392 Interactions, 2 today
Crypto Twitter is a myopic dystopia that manages to be toxic even in a bull year.
Yes, yes, I know: You’re an excellent Twatter, and omitting from this list your one zinger that got 50 likes borders malfeasance. Likewise, this reporter is a negligent compiler of listicles for overlooking some spicy day where your favorite trader-nee-influencer colorfully described Brad Garlinghouse’s anatomy.
If it’s any consolation, please know that I hate the hellsite just as much as you do. The year was terrible for almost all of the planet, and even though crypto enjoyed a strong secular bull market, everyone still managed to come together, rise above adversity, and treat each other horribly anyway. I looked up one of these tweets, expecting it to be from mid-fall, and had a mild aneurysm when I realized it was first posted two weeks ago.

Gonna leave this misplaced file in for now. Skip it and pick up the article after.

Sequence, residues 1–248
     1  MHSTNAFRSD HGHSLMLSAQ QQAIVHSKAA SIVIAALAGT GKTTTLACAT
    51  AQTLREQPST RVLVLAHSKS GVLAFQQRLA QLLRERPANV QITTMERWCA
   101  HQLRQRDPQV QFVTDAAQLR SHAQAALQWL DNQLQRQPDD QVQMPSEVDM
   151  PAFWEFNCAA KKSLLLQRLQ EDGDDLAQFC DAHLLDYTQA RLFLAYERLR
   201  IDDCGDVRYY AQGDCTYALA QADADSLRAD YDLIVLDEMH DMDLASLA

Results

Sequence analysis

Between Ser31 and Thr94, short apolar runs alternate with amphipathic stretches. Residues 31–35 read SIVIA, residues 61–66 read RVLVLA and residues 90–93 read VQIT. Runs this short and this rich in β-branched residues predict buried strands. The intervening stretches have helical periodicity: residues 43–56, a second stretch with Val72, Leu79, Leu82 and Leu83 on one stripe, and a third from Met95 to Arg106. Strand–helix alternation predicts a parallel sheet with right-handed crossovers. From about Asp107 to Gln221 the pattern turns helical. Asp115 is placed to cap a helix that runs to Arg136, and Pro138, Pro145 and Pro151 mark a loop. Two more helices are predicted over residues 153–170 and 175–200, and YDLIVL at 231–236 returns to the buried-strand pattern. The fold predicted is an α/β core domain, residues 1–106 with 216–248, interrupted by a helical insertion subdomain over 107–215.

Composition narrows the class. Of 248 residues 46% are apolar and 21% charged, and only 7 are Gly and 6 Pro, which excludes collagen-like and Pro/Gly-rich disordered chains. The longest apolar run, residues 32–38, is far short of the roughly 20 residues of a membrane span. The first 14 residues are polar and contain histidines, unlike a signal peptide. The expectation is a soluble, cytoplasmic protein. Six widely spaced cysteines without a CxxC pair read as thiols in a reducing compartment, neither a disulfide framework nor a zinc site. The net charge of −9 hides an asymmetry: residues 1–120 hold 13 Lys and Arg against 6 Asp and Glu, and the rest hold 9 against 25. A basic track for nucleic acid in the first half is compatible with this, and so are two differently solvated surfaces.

Logging on to Cryptotwitter — a place where some of the smartest participants LARP as small animals with two-week lifespans, where billionaires might tell you to fornicate with your mother, where you routinely ask yourself: “Good Lord, why would anyone make porn out of Spongebob?” — is to subject the self to an unending series of degradations. In the words of Italian sculptor Alberto Giacometti, “between things, between people, bridges are broken; the void slips in everywhere, each creature secretes its own void.” I check it every morning when I first wake up.
This is not a list of the “best” tweets because there are no good tweets. They should not be interpreted as awards, either, as the only honorific to be won is being able to say “I disabled my account.” Some of them are funny, but you probably won’t think so and are going to roast me in the DMs. Please, God, let 2021 be shorter than 2020.
Happy holidays and have a good New Year, you apes.